As children, Edmond Clément and his brother Georges (later a distinguished throat specialist) were choirboys in Chartres Cathedral. Edmond later studied to become a civil engineer but abandoned these plans when he was twenty: instead he entered the Paris Conservatoire as a pupil of the Belgian tenor Victor Warot. After two years’ study he won a first prize for singing and shortly afterwards made his operatic stage début as Vincent in Gounod’s Mireille at the Paris Opéra-Comique. Here Clément was to be the principal lyric tenor for more than twenty years, with an unassailable reputation for stylish, elegant and unforced singing, supported by a superlative technique. Highlights of his career at the Opéra-Comique included participation in many first performances, including those of Saint-Saëns’s Phryné (1893), Bruneau’s L’Attaque du Moulin (1893) and Erlanger’s Le Juif polonais (1900); singing in the first French performances of Falstaff (Fenton, in 1894, in the presence of the composer), Paris in Saint-Saëns’s Hélène (1905) and Pinkerton/Madama Butterfly (1906). Clément also took the rôle of Don José in the 1,000th Opéra-Comique performance of Carmen (1904) and of des Grieux in the 500th Opéra-Comique performance of Manon (1905).
He sang abroad, appearing in London in recital with Dame Nellie Melba and Pol Plançon in 1894, and in Brussels, Madrid, and Monte Carlo, where he created Armand in the world première of Massenet’s Thérèse (1907). In the autumn of 1909 he appeared with the Metropolitan Opera, New York, on the opening night of its short-lived season at the New Theatre, singing the title rôle in Werther alongside Geraldine Farrar, who in her memoirs described Clément as ‘an artist of the most exquisite taste and dramatic elegance’. He also sang in Lecoq’s La Fille de Madame Angot and in L’Attaque du Moulin. During the following season, 1910–1911, now at the Metropolitan Opera House, Clément appeared as des Grieux, Fra Diavolo, Werther and Fenton. His greatest successes in North America were with the Boston Opera Company, where he appeared for three successive seasons from 1911–1912 to 1913–1914. Of Clément’s des Grieux, Philip Hale in The Boston Herald wrote: ‘The purest bel canto singing heard since Bonci’s advent’.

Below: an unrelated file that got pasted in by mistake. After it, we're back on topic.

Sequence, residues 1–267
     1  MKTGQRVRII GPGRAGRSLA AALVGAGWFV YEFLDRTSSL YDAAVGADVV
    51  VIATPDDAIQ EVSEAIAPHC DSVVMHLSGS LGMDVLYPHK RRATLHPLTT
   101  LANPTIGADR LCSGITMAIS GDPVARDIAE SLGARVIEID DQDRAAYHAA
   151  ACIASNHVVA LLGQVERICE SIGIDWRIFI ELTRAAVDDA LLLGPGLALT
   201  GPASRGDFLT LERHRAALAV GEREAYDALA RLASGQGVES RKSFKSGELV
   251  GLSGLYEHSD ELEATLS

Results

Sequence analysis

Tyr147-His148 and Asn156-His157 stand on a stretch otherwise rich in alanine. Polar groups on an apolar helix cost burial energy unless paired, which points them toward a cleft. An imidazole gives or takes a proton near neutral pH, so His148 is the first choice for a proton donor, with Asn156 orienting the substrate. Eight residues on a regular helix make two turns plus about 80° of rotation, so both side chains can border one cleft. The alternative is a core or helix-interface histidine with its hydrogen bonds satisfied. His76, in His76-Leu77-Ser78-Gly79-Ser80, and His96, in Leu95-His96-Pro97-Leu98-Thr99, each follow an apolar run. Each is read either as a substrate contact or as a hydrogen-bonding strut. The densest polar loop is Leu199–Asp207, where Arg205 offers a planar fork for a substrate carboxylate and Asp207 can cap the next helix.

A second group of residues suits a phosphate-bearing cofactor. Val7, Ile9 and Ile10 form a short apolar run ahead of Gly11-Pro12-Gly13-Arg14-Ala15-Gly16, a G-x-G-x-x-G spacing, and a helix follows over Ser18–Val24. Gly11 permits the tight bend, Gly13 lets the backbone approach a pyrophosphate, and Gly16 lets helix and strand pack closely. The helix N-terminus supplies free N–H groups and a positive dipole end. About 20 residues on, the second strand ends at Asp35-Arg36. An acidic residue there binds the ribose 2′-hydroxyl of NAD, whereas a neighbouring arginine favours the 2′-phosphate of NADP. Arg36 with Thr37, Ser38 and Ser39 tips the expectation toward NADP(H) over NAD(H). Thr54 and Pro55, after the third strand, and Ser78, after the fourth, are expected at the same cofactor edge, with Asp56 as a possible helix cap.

After volunteering to serve in World War I Clément was wounded. Whilst recovering he sang charity concerts for his fellow soldiers, but by now he had passed his peak. Nonetheless he continued to sing in recital after the war and also taught, giving his final recital in Paris in 1926. The critic Max de Schaunsee, who was present, wrote: ‘At sixty, he was still extremely personable.’
Clément made three principal sets of recordings: for Odéon (1905), Victor (1911–1913, made in the USA), and Pathé (1916, 1919–1920, 1925). The repertoire for these was catholic, covering salon music, traditional folk songs, French chanson and German lieder, as well as the more expected operatic excerpts. All display the characteristics highlighted by Richard Aldrich writing in the New York Times about a recital which Clément gave in 1921: ‘…his tenderness and ardour, his fine-spun delicacy, and nicety of phrase’.
© Naxos Rights International Ltd. — David Patmore (A–Z of Singers, Naxos 8.558097-100).
|CLEMENT, Edmond: Complete Odeon (1905) and Victor (1911-13) Recordings
|Opera, Vocal, Opera, Vocal, Opera, Vocal, Opera
|CLEMENT, Edmond: Complete Pathe Recordings 1916-1925
|Opera, Vocal, Orchestral, Vocal, Opera, Vocal, Operetta, Vocal, Opera, Vocal, Opera, Vocal, Opera, Vocal, Opera||